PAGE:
Hands up…who likes Vodafone? Aha…some people clearly do not think they are the greatest mobile phone company on earth. In fact, in terms of market share, they are not; they used to be Number One, now they are dropping around Europe – so much so that pay has been linked to increasing the company’s market share. So, with market share being a real issue for the firm, clearly not everyone likes Vodafone. Which is why this advertisement in the video below will not be to everyone’s taste.
If you like Vodafone, you’ll laugh at the ad. If you dislike Vodafone you will find the advert tacky, a waste of time and annoying. So. here goes….
Well, they paid millions for it I guess, so they must think it is worth it. But new research suggests that advertising like this could be a complete waste of money. Indeed, the study from Australian psychologists implies that this kind of advertising can be more damaging than ever in these “social network” times.
The research got people to look at mobile phone adverts; sometimes the participants knew who the brand was, at other times they did not. What the psychologists knew was whether or not people liked a brand and whether they had been influenced by social networking to dislike a brand. When people were indifferent to a brand, the advertising was seen as OK. But when the brand was disliked, the advert was also disliked – confirming the negative views of the individual. But importantly, this was the case when those negative views had arisen via social networks.
In other words, if social networks make people think negative things about your products or services any advertising you might undertake to reduce those views has the opposite effect; it appears to solidify the negative viewpoint, not get people to change their opinion of you. The advertising industry – and some advisers to BP, no doubt – will hate this. They have been telling companies for years that if their reputation takes a hit, all they need to do is advertise their way out of the situation. This new study suggests that this approach actually worsens the problem because according to the Australian researchers people are effectively saying “I hate this company for trying to talk me into liking them”.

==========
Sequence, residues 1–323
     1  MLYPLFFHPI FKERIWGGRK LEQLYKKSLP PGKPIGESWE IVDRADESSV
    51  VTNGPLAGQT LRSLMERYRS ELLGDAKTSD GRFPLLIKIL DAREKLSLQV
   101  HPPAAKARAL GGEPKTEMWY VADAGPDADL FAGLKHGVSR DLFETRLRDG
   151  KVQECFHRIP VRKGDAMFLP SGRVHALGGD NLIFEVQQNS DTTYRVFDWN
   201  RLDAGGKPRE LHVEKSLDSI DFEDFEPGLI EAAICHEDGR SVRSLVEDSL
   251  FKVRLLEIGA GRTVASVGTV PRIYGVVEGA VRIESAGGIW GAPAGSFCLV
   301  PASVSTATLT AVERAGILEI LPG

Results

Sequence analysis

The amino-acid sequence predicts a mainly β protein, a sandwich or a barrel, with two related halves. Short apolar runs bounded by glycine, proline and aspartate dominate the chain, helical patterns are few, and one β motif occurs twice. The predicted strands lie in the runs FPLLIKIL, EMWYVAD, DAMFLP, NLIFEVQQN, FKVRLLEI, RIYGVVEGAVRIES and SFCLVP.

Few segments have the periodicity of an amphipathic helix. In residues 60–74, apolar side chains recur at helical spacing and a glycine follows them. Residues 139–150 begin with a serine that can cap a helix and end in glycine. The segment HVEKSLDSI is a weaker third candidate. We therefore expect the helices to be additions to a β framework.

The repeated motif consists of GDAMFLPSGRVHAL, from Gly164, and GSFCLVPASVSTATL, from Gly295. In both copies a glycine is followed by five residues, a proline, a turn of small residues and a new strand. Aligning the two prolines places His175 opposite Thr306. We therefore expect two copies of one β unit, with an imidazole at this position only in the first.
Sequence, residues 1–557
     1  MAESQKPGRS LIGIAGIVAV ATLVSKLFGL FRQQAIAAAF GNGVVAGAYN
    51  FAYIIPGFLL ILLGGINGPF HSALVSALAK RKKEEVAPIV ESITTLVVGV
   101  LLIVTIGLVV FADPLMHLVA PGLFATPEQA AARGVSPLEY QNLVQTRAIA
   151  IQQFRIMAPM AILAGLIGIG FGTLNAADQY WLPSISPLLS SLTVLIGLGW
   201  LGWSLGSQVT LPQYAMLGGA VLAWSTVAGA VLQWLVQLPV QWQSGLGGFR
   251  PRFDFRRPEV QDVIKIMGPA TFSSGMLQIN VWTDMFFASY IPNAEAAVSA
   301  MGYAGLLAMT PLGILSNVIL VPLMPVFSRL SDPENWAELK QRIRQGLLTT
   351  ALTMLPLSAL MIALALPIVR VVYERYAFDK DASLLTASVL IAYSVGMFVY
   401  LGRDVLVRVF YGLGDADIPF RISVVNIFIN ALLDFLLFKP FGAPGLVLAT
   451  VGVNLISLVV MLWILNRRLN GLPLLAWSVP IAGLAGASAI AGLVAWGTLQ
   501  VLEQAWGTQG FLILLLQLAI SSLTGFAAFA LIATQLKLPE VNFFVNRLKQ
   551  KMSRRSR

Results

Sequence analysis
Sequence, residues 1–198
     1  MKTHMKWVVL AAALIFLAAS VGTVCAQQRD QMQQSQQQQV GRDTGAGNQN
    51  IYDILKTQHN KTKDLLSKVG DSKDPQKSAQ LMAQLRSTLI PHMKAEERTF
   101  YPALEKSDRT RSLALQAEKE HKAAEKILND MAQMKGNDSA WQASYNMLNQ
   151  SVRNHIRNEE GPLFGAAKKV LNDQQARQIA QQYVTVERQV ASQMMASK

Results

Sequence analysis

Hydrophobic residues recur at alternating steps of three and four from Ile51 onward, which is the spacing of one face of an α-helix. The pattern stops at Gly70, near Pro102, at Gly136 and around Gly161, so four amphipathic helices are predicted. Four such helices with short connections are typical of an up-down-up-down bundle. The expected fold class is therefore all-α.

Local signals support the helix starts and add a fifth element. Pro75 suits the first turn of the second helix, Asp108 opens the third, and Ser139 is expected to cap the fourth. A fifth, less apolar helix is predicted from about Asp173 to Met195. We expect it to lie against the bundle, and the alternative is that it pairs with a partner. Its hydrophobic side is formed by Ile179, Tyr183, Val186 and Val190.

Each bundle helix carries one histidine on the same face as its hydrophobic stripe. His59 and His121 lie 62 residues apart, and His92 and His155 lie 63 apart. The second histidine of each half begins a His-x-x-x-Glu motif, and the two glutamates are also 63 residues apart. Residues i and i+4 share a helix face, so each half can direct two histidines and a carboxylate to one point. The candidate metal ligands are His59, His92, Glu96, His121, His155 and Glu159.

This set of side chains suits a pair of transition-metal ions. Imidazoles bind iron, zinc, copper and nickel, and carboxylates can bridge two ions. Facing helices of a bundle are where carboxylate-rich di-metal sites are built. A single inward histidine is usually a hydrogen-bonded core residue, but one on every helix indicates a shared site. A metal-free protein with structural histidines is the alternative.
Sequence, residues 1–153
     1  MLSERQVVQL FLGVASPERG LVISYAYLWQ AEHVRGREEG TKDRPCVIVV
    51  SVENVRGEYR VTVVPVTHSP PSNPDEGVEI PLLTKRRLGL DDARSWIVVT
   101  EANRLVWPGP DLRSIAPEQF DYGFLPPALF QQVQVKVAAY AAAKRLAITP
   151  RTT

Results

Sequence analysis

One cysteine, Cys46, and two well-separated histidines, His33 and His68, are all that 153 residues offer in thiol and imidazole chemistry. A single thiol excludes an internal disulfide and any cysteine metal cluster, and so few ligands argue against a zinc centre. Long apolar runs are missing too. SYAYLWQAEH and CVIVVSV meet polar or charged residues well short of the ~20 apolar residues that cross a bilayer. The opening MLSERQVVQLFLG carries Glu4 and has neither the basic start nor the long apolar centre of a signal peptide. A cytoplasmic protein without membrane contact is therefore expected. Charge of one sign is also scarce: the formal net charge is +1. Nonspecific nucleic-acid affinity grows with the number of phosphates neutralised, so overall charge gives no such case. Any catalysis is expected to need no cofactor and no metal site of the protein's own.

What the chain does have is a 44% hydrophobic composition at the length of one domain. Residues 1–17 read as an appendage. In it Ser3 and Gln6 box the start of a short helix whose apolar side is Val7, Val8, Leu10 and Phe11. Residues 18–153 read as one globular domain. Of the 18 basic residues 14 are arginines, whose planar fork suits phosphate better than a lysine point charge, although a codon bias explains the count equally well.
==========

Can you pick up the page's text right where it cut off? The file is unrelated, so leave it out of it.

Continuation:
It all suggests that the power of social networks is much greater than many businesses have feared. Once you get a negative reaction to your business on a social network it appears that getting that stain removed is next to impossible. Best therefore not to let such problems arise in the first place.
We all know that BP got into their sticky situation at the moment because, somehow, somewhere, someone cut corners. The company is now spending millions to destroy the negative picture being painted. But if they hadn’t got into the situation in the first place, they would have saved millions and been liked by more people. Whatever went wrong in BP we will never really know, but one thing is for sure, if the business had not allowed itself to make those mistakes they wouldn’t – literally – “Be Paying” for them now.
With your business do you ensure that you don’t annoy people, that your customer service is king and that your products and services are top notch? If you do, the chances of negative comments on social networks will be lessened and that means you won’t end up with people permanently disliking you, no matter what you do to react. In other words, the problems that potentially face your business via social networks are nothing to do with those networks; they are all to do with the way you run your business. This new research suggests we we all need to pay more attention to that, because if the proverbial hits the fan there is precious little we can do about it. As ever, prevention is better than cure.